I always got nervous when I heard my name announced through the booming loud speakers indicating that it was my turn to grapple. With extreme butterflies in my stomach and a less than confident look on my face, I started walking towards my assigned mat. When I arrived, I looked over and evaluated my competition. He appeared to be bigger, stronger, and more confident than I. He was nationally ranked and expected to be an All-American. Most people who knew the sport expected him to cruise through his first match--yes, against me.

I looked across the coliseum and spotted my dad who had worked his way into a front row seat. Seeing him gave me confidence. The look on his face communicated that he really expected me to win. What was wrong with him?! Had he already forgotten about all of the other years? Did he really expect that this year would bring a different outcome?

I walked on the mat, shook my opponent’s hand, and within the first minute found myself flying through the air only to experience an abrumpt thump as my head bounced off the mat. Worse than the pain was the reality that I was on the verge of being pinned--and humiliated. I half-heartedly fought off my back and considered giving up. My mind instantly started replaying the same old thoughts: Here you go, again. It's not going to happen. Give up and get this over with.

Somehow I managed to fight off my back and even scored a reversal as we went off the mat. As I walked back to the center, I heard something that will forever be with me. It was the sound of my dad's voice as he yelled, "Come on, son. Fight." I can't explain it, but something inside me came alive. Confidence flooded my soul.

I was taken aback by his boldness. I think the entire section of the coliseum heard him. How embarrassing it would have been for him to boldly support me only to watch me come up short again. He believed in me, and it did something in me. The words that carried across the floor of the coliseum and overpowered the voices of hundreds of other fans ignited something that needed to be lit.

The faded dream of becoming an All-American suddenly became clear again. With a renewed sense of direction and passion, I fought back to pull out an upset win, 8-7. This was a defining moment in my life. My eyes were opened to see that the story doesn’t always have to follow the same ship-wrecked script.

I won my next match 10-8, which put me one win away from becoming an All-American. I can't explain the feeling I experienced when it dawned on me that this may actually happen. I got away by myself and prepared for the most important match of my career.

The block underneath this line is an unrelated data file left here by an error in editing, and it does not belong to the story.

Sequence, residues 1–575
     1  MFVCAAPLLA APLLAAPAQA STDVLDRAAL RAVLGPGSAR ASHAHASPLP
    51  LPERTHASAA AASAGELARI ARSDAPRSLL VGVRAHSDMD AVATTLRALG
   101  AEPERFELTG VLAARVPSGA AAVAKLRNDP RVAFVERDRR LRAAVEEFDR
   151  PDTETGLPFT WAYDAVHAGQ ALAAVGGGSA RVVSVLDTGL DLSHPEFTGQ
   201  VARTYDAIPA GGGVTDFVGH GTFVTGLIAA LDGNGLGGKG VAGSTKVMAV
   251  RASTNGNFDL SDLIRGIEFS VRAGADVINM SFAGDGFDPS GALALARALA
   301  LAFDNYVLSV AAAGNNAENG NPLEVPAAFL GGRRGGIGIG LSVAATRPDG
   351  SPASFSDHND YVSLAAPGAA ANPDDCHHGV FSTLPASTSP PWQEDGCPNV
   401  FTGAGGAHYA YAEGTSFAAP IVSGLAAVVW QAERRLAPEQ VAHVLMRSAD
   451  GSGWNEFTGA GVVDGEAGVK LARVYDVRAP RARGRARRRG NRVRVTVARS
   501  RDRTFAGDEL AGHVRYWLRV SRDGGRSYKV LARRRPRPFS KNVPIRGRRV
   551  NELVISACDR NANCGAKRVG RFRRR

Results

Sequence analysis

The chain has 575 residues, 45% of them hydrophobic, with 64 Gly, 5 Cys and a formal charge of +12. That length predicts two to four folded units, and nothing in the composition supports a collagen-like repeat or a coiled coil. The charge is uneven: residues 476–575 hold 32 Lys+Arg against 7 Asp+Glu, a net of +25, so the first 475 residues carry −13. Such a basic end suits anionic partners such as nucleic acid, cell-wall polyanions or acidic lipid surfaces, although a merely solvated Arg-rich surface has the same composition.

I was nervous but optimistic as I stepped foot on the mat. I didn't have a chance to see where my mom and dad were seated, but I was confident I would soon hear my dad—and so would the rest of the fans in the arena.

The first two periods were close and hard fought, but I trailed the entire time. I was a man on a mission in the third and final period, but my opponent defended well. He simply had to hold on for ten more seconds in order to seal the victory and crush my dreams.

In what felt like a miraculous moment, I snapped him to the mat, and shucked him by to score a last second winning take down. My coach went crazy, and so did I, but the thing I remember the most was the speed in which my dad sprinted down from the upper seats, picked me up, and gave me the greatest bear hug of my life. Tears were freely flowing as we both embraced this moment that had eluded us for years.

It's been twelve years, and I still think about that moment often. As much as I wanted to become an All-American, that’s not what I think about or remember. Instead, I recall the joy of making my dad proud. He was delighted, and because of it, so was I.

I am convinced that it would not have happened if I hadn’t heard his words during my first match. I was defeated and on the verge of giving up, but my dad's belief in me was unwavering. He spoke courage to me when I needed it the most. In reality, he demonstrated the nature of our Heavenly Father.

I have since learned that this is how God operates. He believes in you whether you believe in yourself or not. The script that He's writing for your life doesn't include timidity, fear, or continual failure. As your Heavenly Father, He's speaking courage, life, and power. I believe He's daring you to believe that things can and should be different. Lean in and listen to His inspiring words, the very words you most need to hear.

And muster the courage to believe in the reality of a new script.


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Member Comments
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Phyllis Inniss 12 Oct 2013
Thank God for dads who believe in their sons/daughters and give them the necessary encouragement so they can have their defining moment. This is a beautifully written article with a message for those who want to give up and need to carry on. You took the reader along with you to your victory and he/she was able to feel the joy that you and your father felt that moment of that day. Great story.